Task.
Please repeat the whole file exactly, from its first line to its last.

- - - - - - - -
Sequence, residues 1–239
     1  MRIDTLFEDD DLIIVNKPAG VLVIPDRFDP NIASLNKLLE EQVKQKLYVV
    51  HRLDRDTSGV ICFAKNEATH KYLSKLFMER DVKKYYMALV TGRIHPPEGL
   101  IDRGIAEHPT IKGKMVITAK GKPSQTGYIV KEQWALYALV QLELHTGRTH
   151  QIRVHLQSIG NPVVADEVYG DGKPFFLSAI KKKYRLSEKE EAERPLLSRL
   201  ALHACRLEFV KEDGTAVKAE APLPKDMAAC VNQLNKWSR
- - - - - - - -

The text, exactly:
Sequence, residues 1–239
     1  MRIDTLFEDD DLIIVNKPAG VLVIPDRFDP NIASLNKLLE EQVKQKLYVV
    51  HRLDRDTSGV ICFAKNEATH KYLSKLFMER DVKKYYMALV TGRIHPPEGL
   101  IDRGIAEHPT IKGKMVITAK GKPSQTGYIV KEQWALYALV QLELHTGRTH
   151  QIRVHLQSIG NPVVADEVYG DGKPFFLSAI KKKYRLSEKE EAERPLLSRL
   201  ALHACRLEFV KEDGTAVKAE APLPKDMAAC VNQLNKWSR